Thursday, December 20, 2012

Update on training injured

An update on the ol’ knee.  Back in December of 2010 I bent my right knee roughly 45 degrees to the left.  I’ve been taking it easy and not pushing myself too hard.  I thought over the summer that it was pretty much healed.  It only took one regular judo practice to prove this was not true.  While I am fine for straight line movements, it turns out that any sort of lateral movement is both painful and a chance for my knee to collapse under me.  I decided I should do something sensible.

Over the past couple of months I’ve been visiting doctors and having x-rays and MRI’s taken to find out what is wrong with my knee.  Now I know.  I completely tore my anterior cruciate ligament, and I’ve partially torn the posterior cruciate ligament and the lateral collateral ligament.  The result is a very unstable knee that can’t take much lateral pressure at all.  If I think about it much, it’s rather scary.

Not so many years ago, this injury would have been the end of my budo career.  I can move in straight lines, but any sort of lateral movement is impossible right now, which makes most of the budo I do problematic.  It made me consider what it might mean to not practice budo anymore.  At first that was too scary a thought to touch upon very hard.  Budo and budo practice are important to my idea of who and what I am.  At first, the idea of not having budo as a part of my life was so frightening I found myself coming up with rationales for why that couldn’t happen.

Then I had to ask myself why did the idea of not doing budo anymore make me so anxious?  Budo is great.  I almost accept that as an a priori  truth that needs no support.  When I realized I was close to that level of devotion to it, I decided I needed to do some serious thinking about what budo is in my life.  If I can’t imagine life without budo, I’m probably putting too much emphasis on it, and I need to work at getting my life more balanced.

Budo, like any “do” 道、is a small way pointing its finger at the big Way 道 that the Taoists talk about.  But budo isn’t the Grand Way of the Universe.  It’s a small way that is approachable by a little guy like me.  I don’t imagine that I will ever be so wise that I really understand the Grand Way of the Universe, the Big Tao that Lao Tzu talks about in the Tao Te Ching 道徳経、but I do think I might be able to get a handle on a little way like budo.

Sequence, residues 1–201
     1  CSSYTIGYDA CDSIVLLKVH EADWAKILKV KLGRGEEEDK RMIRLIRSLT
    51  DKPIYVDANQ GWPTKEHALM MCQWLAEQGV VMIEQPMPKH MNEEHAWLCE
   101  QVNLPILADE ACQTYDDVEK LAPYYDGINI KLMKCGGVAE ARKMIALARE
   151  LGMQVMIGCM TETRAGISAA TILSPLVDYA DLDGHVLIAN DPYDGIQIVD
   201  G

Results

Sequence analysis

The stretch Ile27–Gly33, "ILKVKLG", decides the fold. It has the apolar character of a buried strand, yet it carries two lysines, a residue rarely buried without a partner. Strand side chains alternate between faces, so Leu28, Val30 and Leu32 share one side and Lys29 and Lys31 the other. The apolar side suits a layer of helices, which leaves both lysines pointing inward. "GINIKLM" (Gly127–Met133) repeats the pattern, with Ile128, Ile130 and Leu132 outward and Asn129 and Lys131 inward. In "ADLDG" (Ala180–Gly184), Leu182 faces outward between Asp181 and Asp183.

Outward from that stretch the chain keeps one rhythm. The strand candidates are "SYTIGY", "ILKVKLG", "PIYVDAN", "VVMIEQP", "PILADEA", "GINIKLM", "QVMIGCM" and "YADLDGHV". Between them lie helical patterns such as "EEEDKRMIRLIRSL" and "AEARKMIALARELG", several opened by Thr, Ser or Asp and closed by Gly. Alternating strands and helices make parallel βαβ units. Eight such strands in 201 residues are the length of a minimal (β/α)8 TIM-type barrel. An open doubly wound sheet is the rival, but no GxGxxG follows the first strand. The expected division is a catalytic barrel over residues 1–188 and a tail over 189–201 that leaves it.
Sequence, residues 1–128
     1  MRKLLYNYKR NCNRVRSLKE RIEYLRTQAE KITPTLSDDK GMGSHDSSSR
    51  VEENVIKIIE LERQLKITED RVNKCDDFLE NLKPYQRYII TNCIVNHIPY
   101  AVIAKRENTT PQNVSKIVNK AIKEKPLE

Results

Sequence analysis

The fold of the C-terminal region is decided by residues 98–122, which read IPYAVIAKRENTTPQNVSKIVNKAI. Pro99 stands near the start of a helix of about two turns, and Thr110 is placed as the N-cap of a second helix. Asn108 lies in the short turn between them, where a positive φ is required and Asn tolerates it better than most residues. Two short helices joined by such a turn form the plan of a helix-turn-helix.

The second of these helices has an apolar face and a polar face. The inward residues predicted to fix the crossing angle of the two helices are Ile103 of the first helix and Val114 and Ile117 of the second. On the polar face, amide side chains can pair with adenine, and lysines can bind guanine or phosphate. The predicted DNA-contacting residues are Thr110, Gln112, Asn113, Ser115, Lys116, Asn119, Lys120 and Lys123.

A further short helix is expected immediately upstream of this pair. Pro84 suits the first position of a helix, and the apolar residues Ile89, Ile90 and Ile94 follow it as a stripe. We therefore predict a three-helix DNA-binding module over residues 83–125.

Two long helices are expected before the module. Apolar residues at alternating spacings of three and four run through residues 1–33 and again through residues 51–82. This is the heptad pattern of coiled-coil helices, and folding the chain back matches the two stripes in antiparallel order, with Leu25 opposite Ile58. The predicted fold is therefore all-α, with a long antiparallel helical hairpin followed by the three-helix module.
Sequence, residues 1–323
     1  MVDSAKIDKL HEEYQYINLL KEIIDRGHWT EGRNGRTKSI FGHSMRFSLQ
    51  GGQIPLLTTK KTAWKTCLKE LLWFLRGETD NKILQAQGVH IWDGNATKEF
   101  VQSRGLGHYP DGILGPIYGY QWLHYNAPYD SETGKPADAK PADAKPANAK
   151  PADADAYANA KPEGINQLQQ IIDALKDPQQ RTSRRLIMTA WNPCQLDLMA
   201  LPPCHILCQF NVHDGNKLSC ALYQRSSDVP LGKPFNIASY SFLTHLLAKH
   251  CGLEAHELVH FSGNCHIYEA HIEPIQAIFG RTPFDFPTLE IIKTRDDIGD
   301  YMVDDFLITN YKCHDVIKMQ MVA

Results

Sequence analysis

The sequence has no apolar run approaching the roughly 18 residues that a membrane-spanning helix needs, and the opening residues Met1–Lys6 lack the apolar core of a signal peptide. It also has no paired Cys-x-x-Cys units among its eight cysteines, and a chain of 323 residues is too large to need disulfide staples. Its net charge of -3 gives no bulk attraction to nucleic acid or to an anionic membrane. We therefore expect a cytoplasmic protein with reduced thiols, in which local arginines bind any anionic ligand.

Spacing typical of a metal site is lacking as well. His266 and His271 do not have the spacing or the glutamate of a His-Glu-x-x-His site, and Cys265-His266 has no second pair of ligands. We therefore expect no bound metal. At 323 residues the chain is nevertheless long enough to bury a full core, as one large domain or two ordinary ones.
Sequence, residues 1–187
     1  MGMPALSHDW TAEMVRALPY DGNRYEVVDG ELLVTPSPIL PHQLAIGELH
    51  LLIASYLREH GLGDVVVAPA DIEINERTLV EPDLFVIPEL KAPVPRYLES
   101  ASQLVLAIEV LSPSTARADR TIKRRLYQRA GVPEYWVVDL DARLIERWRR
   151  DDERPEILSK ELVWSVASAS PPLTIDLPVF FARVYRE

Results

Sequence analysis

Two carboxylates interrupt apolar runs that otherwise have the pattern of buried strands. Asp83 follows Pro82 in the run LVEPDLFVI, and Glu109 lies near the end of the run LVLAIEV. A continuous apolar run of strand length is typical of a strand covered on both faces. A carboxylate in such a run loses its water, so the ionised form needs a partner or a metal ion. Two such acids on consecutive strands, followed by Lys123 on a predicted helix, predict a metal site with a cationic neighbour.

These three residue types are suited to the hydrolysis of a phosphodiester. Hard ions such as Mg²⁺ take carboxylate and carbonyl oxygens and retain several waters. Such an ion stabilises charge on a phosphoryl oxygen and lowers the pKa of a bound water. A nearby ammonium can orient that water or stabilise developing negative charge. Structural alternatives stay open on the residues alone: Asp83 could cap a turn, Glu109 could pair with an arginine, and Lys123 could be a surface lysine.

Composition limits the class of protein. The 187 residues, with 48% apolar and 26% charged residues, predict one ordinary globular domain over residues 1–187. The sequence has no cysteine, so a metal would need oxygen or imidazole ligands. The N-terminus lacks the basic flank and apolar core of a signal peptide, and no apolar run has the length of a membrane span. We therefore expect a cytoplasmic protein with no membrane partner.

I like budo training.  I really like it.  It’s one of the most absorbing things I do.  I can get lost in budo practice for hours at a time, and occasionally, when I’m really lucky, whole days.  Good budo challenges me at every level: physical, mental, and emotional.  It makes me look at things very closely, break them apart and see how things are connected.  Why it is that when my partner does X, the most suitable thing for me to do is Y.  It’s not just about how I move my body and what I do.  It’s about how what I do influences my partner and vice-versa.  It’s how I move in space and time and how I move with the people and things around me.  Do I go blundering into things, lurching from situation to situation, or do I move with awareness and sensitivity to my surroundings and what is happening beyond myself.

That’s the point where my little way, budo 武道, meets up with the big Way 道 of Lao Tzu.  I learn about living in the world and interacting with it through practicing budo.  I learn about how to move effectively, waiting for the right time to move, leveraging what my partner is doing to strengthen my actions, not overreaching, not overextending, and knowing when to pull back instead of blundering on the way I’m going.  These are lessons I really try to apply to my life outside the dojo.  I’m never sure how successful I am at applying them to life, but I’m trying.

But what is it about budo practice that is so great that I don’t want to imagine life without it?  The tough answer isn’t that budo practice is so great.  It’s not the epiphanies about living in the world that I get from practice.  It’s not the lessons about movement and stillness.  It’s not the lessons about timing and not moving before the moment is right.  It is about the rush of being able to handle myself and a weapon at a higher level than I move at on a normal day.  It is about the thrill of not getting injured and being able to handle it when someone attacks me without reservation.  It’s about having access to physical power that other people don’t have.  In other words, the parts of budo that I don’t want to imagine being without, are the outer shell of training that is all about my ego.

If I could never train again the way I am accustomed to training, I would not lose the deep lessons of training.  I would still be able to work on timing, stillness, movement, best action in the world.  I wouldn’t be able to work on being tougher and more dangerous.  I wouldn’t be able to practice with dangerous weapons or doing powerful empty hand techniques.  I would have to let go of that part of me that finds these things exciting and a rush and a boost to my ego.